The conventional method of upper-wind evaluation involves projection of the sounding balloon's trajectory on the surface of a horizontal plane, tangent to the earth at the observation point. This method which fails to allow for the curvature of the earth is shown to be seriously in error in situations where the balloon is tracked by new electronic equipment to large horizontal distances. This is particularly significant under jet-stream conditions. By projecting the balloon's path on an appropriate spherical surface corresponding arc distances are obtained. Thus the effect of the earth's curvature is taken into account and more accurate wind evaluations result.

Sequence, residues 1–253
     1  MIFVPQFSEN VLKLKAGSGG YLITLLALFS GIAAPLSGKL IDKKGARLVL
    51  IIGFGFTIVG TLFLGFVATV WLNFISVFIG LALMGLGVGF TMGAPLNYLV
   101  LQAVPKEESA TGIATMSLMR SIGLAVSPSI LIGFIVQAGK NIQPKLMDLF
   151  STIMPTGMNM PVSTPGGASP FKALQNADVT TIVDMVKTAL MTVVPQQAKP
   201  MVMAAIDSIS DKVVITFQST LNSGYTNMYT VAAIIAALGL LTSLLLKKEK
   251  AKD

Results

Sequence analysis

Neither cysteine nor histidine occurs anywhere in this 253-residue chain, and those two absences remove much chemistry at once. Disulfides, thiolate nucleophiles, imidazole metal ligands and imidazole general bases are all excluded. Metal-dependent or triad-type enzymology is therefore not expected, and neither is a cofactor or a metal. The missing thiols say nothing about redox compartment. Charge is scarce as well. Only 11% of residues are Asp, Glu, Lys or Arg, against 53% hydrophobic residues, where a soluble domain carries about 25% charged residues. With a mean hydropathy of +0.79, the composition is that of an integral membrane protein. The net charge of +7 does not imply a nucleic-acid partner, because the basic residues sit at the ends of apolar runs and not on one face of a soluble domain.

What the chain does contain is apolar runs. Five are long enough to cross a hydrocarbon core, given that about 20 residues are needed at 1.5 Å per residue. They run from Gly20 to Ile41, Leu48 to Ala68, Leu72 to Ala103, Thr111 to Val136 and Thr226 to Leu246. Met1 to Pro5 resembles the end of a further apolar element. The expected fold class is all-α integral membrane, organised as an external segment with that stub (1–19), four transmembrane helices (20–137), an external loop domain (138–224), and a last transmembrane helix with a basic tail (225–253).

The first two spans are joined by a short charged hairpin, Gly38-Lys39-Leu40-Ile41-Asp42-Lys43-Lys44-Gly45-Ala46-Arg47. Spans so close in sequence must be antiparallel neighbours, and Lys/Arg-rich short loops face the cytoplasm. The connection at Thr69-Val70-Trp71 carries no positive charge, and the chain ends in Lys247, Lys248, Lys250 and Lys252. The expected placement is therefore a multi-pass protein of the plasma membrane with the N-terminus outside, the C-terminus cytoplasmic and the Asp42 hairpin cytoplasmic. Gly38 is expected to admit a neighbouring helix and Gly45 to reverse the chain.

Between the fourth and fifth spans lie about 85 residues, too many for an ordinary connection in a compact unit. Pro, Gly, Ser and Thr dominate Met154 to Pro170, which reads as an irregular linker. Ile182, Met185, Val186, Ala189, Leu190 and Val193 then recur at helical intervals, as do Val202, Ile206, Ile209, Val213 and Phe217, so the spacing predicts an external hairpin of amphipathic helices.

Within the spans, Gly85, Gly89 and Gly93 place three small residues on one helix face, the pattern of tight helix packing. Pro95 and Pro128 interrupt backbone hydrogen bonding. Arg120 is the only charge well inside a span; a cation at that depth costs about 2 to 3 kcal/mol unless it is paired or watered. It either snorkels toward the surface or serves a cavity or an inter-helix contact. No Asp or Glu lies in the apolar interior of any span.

Two methods of upper-level wind computations, making proper allowance for the earth's curvature, are given. The first method involves the determination of a correction (ΔE)to one of the observed parameters (elevation angle, E) as an intermediate step to calculation of the required arc distances. The second method gives the corrected arc distances directly.

Examples are shown illustrating the effect of neglecting the curvature of the earth in computing upper-level wind speeds; positive errors of as much as 20 percent being possible under the conventional method.

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* Paper read at Baltimore Meeting, April, 1953.